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ICYMI: Governor Hochul Announces S&P Upgrades MTA Credit Rating and Rating Outlook

Updated Oct 3, 2023 8:00 p.m.

Rating Upgraded to A- With an Improved Outlook to Positive Based on Significant Increase in Dedicated State Tax Revenues  
S&P’s Rating Improvement Follows Improved Credit Rating Outlook by Moody’s  

First Time in Over 20 Years the Authority Has Projected a Balanced Budget for Five Consecutive Years  

Governor Kathy Hochul today announced the Metropolitan Transportation Authority received an upgraded credit rating from Standard & Poor’s Global Ratings, which improved the MTA’s Transportation Revenue Bonds rating from “BBB+” to “A-” and the rating outlook from “stable” to “positive.” S&P commented that it is making the update based on a combination of improving ridership and increased financial flexibility and operating stability resulting from federal support, and significant increase in State tax support secured by Governor Hochul in the latest State Budget, which led the MTA to forecast five years of consecutive balanced budgets for the first time in its history. This news follows an improved rating outlook by Moody’s Investors Service, previously announced on Tuesday, Sept. 19.   
"The MTA is a critical resource for millions of New Yorkers, and that's why I fought so hard to save them from the looming fiscal cliff," Governor Hochul said. "The budget investments we made this year will make transit better for commuters throughout the region, and I'm pleased to see S&P recognizing these investments through the improved rating outlook and an improved bond rating." 

The positive outlook reflects that there is at least a one-in-three chance that the rating could raise over the two-year outlook period if the MTA is able to meet or exceed near-term expectations. The improved rating is expected to boost investor confidence in the MTA and could lead to reduced interest rates paid by the MTA on future capital program bonds issued using the Transportation Revenue Credit.  
MTA Chair and CEO Janno Lieber said, “There’s a reason Wall Street is expressing confidence in the MTA’s financial condition: the bold leadership demonstrated by Governor Hochul in the 2023 NYS Budget. While transit agencies nationwide are struggling with impending financial crises, the MTA has five years of balanced budgets and is adding, rather than cutting, service for New Yorkers.”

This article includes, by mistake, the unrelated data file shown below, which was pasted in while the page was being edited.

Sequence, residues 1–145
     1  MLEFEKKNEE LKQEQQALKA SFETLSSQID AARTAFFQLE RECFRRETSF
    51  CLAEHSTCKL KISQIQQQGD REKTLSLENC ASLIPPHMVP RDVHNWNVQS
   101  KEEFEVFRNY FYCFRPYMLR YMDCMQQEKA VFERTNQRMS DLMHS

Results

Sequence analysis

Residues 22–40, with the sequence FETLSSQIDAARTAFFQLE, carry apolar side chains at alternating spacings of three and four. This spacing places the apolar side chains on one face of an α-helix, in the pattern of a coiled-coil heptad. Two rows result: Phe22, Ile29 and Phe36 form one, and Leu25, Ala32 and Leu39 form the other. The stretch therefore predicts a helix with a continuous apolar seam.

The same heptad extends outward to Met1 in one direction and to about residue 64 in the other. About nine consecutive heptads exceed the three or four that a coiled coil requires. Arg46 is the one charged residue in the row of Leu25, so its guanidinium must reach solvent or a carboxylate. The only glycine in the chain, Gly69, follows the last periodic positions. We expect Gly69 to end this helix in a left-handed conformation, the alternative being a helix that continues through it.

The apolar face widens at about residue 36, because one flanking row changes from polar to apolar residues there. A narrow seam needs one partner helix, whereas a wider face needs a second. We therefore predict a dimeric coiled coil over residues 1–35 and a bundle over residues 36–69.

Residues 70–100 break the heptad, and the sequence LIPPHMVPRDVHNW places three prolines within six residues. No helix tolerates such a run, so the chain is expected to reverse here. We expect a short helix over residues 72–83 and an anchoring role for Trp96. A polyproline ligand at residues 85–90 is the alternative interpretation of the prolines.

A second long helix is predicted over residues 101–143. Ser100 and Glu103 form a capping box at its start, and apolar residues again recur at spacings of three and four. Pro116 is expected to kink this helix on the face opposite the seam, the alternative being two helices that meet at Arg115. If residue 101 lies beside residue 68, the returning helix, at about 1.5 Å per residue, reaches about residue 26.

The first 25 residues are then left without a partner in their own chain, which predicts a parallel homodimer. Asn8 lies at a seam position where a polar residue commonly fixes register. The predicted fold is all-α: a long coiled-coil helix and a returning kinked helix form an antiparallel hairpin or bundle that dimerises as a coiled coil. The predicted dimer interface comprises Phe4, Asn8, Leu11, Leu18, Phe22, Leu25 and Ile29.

MTA Chief Financial Officer Kevin Willens said, “We are pleased that today’s upgrade from S&P recognizes the MTA’s improved financial stability, including five years of projected balanced budgets, demonstrated State and City support with recurring revenues, and strong ridership recovery consistent with our financial plan projections.” 
In July, the MTA released its five-year financial plan that projects a balanced budget through 2027, the first time in more than 20 years the Authority has projected a balanced budget for five consecutive years.  
A one-time State subsidy of $300 million, new dedicated revenue funding sources to help offset lower fare revenues, including an increase to the Payroll Mobility Tax, increase of City funding for paratransit, and other dedicated taxes in the FY 2024 New York State Budget, have strengthened the MTA’s financial profile, along with a modest fare and toll increase.  
At the same time, the MTA’s post-COVID ridership recovery continues to track along the mid-point of a range predicted by McKinsey in July 2022, with daily ridership now regularly surpassing two thirds of pre-COVID levels or 6.5 million trips on a daily basis.  
The credit rating outlook of MTA’s Transportation Revenue Bonds, backed by a diverse basket of revenues including fares and tolls paid by MTA customers and State revenue streams, reflects the performance of the operating budget and is a barometer of the MTA’s overall financial health.  
Prior to the COVID-19 pandemic, the credit was rated A with a negative outlook. In March 2020, the credit rating was downgraded to an A-, and in July 2020 to BBB+ with a negative outlook. On March 8, 2021, S&P recognized federal covid relief funding packages were being made available to the MTA and transit agencies across the country and revised the bonds’ outlook to stable.